|Title||Comparative analysis of trophic structure of commercial fishery species off Central Chile in 1992 and 1998|
|Publication Type||Journal Article|
|Year of Publication||2004|
|Authors||Neira, S, Arancibia H, Cubillos L|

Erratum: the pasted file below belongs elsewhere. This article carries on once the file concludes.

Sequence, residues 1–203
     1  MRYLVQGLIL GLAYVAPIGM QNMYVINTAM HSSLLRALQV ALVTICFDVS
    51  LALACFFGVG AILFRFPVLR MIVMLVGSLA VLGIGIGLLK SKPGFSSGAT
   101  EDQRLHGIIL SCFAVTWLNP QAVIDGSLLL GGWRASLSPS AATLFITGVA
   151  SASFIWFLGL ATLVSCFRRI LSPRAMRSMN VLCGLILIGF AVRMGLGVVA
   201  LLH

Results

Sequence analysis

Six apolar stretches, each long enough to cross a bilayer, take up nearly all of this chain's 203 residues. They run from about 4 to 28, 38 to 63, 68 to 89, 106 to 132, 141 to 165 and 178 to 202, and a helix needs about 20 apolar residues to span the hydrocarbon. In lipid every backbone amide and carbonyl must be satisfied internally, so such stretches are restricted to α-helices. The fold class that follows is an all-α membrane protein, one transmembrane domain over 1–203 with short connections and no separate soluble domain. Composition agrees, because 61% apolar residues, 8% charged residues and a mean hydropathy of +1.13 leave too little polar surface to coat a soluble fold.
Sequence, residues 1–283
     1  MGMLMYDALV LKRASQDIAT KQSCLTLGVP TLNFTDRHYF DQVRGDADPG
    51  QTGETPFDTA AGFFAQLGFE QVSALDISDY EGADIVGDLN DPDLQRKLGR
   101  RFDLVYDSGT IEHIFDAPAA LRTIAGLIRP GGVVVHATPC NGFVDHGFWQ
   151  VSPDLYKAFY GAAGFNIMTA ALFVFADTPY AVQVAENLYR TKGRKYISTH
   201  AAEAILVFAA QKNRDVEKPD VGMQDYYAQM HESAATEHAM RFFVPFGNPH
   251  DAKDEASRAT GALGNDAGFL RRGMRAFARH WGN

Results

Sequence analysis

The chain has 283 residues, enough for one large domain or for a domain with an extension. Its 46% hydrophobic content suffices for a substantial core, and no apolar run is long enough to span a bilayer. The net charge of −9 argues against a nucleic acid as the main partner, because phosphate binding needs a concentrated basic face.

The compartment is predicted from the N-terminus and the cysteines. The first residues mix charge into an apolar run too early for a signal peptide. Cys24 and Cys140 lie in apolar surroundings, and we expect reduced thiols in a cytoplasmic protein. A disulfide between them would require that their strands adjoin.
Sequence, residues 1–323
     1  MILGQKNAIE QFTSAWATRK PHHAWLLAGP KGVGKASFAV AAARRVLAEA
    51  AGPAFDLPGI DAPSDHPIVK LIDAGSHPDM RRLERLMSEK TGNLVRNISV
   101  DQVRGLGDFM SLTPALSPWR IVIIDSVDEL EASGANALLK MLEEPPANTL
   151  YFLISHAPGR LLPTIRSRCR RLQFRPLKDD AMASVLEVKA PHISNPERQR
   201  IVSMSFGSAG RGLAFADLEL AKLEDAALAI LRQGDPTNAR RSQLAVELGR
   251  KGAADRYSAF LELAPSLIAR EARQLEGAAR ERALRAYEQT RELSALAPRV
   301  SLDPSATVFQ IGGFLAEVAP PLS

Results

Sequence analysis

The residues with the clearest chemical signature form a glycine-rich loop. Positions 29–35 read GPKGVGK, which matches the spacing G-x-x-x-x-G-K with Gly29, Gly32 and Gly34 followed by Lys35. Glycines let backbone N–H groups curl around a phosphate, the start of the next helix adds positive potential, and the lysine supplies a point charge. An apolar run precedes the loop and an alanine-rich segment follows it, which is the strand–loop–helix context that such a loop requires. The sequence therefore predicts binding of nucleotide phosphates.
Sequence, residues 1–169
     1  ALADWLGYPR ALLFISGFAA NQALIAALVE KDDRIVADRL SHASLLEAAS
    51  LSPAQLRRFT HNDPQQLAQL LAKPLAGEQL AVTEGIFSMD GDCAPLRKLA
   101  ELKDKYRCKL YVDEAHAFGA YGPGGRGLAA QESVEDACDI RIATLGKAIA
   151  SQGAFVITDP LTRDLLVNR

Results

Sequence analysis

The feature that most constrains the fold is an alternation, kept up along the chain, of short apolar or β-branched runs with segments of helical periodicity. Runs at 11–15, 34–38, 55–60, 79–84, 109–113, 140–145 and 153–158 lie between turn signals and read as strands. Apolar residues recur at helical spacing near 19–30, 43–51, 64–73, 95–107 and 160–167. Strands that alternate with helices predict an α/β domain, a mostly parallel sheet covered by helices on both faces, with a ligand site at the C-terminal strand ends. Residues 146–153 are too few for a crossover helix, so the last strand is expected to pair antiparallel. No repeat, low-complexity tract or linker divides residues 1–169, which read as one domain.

Trophic interactions and community structure of commercial fishery species off Central Chile (33[deg]-39[deg]S) were analyzed and compared for 1992 and 1998 by ecotrophic modelling, using the Ecopath modelling software. The model encompasses the fishery, pinnipeds (sea lions), small pelagic fish (anchovy, pilchard), medium-sized pelagic fish (horse mackerel), demersal fish (e.g. Chilean hake, black conger), benthic invertebrates (carrot prawn, yellow prawn), and other groups such as zooplankton, phytoplankton, and detritus. Input information for the model was gathered from published and unpublished reports and our own estimates. Also, the effects of fishing and predation on fishery resources and on the most important components of the system were investigated, within an ecotrophic framework.Predators consumed the greater part of the production of the most important fishery resources, particularly juvenile stages, and the fishery removed a large fraction of adult production. Mortality by predation is an important component of natural mortality, especially in recruit and prerecruit groups. Analysis of direct and indirect trophic impact shows that adult Chilean hake have a negative impact on juvenile Chilean hake through cannibalism, and on pilchard, anchovy, and carrot prawn through predation. Also, fishing has a strong impact on fishery resources, such as Chilean hake, pilchard, and anchovy. Total biomass in 1998 was 1.5 times higher than in 1992. However, total catches in 1998 were about 80% of those in 1992. Changes in biomass and total yields of the system between 1992 and 1998 can be observed in such properties as total flows, consumption, respiration, and production. It is concluded that ecotrophic modelling is an useful tool for fishery management, since it can improve our understanding of the predator-prey interactions among the exploited (fishery resources) and unexploited but potential fishery resources of the system.